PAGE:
The secret to the success is that there is no secret.
If you want to be a writer, start writing.
And if you want to be a working screenwriter, start at the Moody College of Communication.
The nationally-ranked MFA screenwriting program in the Department of Radio-Television-Film attracts talented writers, who are hungry in their pursuit of industry breakthrough. Working screenwriters populate the faculty, so classrooms are converted into workshops and writers’ rooms.
With the guidance and mentorship to develop scripts that are polished and marketable for a variety of platforms, MFA students consistently win major awards and land prestigious fellowships, including the 2017 Humanitas Prize in Screenwriting and the 2010, 2014 Academy Nicholls Fellowships.
The Austin Film Festival and Screenwriters Conference opens this week, and two of the 51 scripts chosen for the final round of the script competition were written by MFA screenwriters, Davey Morrison and Davia Carter.
“We offer everything – a feature class, TV specs class, pilot class, adaptation,” said Cindy McCreery, head of the screenwriting program. “Everything (the students) create here is theirs.”
McCreery instructs the writer’s room class. She works with a co-writer to develop a pilot script, which is delivered to students in the summer, and then the class hits the ground running at the beginning of the semester, during which they write an entire season of episodes.
“In that class, it’s about us as a collective,” McCreery said. “It’s about working with others, being creative and learning to work among different personalities.”
The class is a semester-long simulation and practice for handling notes from executives, directors and other professionals. Students also learn to write characters they didn’t necessarily create while plotting an entire season of television.
“Practicing pitching in the classroom setting has also been invaluable to me, and gave me confidence to be in those rooms,” said recent MFA graduate Kat Craft.
Craft recently concluded an HBO Fellowship. HBO developed her pilot script, Halfway, which will be premiering on HBO platforms this spring, and Craft also developed a script for Snapchat.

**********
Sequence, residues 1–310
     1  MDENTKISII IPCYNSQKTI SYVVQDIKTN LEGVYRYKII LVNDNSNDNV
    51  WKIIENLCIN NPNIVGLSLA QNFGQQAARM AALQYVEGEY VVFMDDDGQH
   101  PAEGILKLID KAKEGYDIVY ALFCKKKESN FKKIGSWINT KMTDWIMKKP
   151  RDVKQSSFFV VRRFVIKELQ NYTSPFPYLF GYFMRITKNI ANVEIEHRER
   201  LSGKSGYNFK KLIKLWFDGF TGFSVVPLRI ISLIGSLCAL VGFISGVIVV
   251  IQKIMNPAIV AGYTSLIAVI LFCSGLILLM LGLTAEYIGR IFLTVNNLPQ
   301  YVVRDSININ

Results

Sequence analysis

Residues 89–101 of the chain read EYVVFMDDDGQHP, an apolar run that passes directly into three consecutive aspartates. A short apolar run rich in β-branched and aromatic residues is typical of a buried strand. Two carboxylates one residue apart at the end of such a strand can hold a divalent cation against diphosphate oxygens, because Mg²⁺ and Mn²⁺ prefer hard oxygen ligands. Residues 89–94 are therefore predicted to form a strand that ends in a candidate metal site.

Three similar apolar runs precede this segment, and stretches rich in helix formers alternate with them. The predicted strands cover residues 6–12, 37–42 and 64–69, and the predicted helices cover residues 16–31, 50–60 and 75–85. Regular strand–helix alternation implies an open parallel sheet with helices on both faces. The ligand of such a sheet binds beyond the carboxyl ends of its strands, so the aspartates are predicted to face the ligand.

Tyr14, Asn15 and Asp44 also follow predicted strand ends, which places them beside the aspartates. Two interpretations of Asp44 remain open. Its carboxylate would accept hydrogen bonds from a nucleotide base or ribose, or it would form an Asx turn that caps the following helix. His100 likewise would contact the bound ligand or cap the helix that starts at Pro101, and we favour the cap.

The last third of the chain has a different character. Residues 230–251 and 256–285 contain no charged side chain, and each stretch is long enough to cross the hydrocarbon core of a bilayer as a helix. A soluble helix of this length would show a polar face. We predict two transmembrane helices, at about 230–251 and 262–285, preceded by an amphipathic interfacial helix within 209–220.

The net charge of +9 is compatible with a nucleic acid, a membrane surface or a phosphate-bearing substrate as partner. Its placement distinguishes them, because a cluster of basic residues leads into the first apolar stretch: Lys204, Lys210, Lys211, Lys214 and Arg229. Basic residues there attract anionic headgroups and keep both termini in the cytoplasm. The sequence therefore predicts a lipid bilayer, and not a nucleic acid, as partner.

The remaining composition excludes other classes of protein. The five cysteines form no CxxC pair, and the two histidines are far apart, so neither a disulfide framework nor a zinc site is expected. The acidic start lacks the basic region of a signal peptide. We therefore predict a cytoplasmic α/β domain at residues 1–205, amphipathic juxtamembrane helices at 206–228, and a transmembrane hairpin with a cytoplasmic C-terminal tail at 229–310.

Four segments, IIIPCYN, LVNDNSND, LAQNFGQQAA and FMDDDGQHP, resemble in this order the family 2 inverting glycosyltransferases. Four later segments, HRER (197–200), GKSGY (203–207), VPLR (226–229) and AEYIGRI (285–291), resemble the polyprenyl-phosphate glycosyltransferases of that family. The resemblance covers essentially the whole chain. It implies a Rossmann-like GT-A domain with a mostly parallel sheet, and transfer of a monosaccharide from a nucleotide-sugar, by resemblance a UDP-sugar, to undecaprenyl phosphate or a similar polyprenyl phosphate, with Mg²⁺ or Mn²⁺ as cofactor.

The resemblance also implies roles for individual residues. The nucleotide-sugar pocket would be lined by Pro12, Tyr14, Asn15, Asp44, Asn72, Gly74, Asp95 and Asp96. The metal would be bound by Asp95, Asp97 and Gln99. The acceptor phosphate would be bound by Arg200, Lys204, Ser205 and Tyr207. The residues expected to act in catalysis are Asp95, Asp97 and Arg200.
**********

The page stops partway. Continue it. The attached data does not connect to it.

“Acceptance into the fellowship opened up so many doors for me. It’s how I found my manager, who helped level up my career,” said Craft, who signed with CAA.
Craft symbolizes what is possible. Less than 10 students are accepted each year, so they “won’t get lost in the shuffle,” McCreery said, and can uniquely take advantage of the Austin environment.
“Austin is a town people are excited about. It has a nice vibe for a grad school. The LA industry folks like to visit and enjoy our beer and barbecue,” McCreery said.
Read about Radio-Television-Film activities at this year’s Austin Film Festival.
2018 MFA Screenwriting Highlights
Brittany Worthington & Davia Carter, both MFA ‘18, got accepted to the The Black List & Women In Film Episodic Lab.
Maritza Avelar (BS '14) on being named to the National Hispanic Media Coalition 2018 Television Writers Program.
Nathan Pesina accepted into the Sundance Episodic Lab.
Kat Craft was granted the HBO TV Fellowship – and got a deal with Snapchat!
Sarah Grodsky is a finalist for the NBC Writer’s on the Verge.
Noah Hawley hired Philip Balli to be his Writer’s Assistant on Fargo.
Davia Carter is a Screencraft TV Fellow, (MFA Screenwriters Brittany Worthington, Maggie Calton, and Michener Writer Nathan Patton made the quarterfinalist round).
Brittany Worthington got second Place for the Million Dollar Screenwriting competition (Nathan Patton came in fifth).
Max Kuplow was a finalist for the Universal Feature Fellowship.
Colin McLaughlin (RTF BS ’15) was one of 151 screenwriters to advance to the Semifinal round of the 2018 Academy Nicholl Fellowship in Screenwriting.
MFA Screenwriter Davia Carter made the semi-finalist round of the 2018 The HUMANITAS Prize David and Lynn Angell College Comedy Fellowship for her script "Double Time Dames.”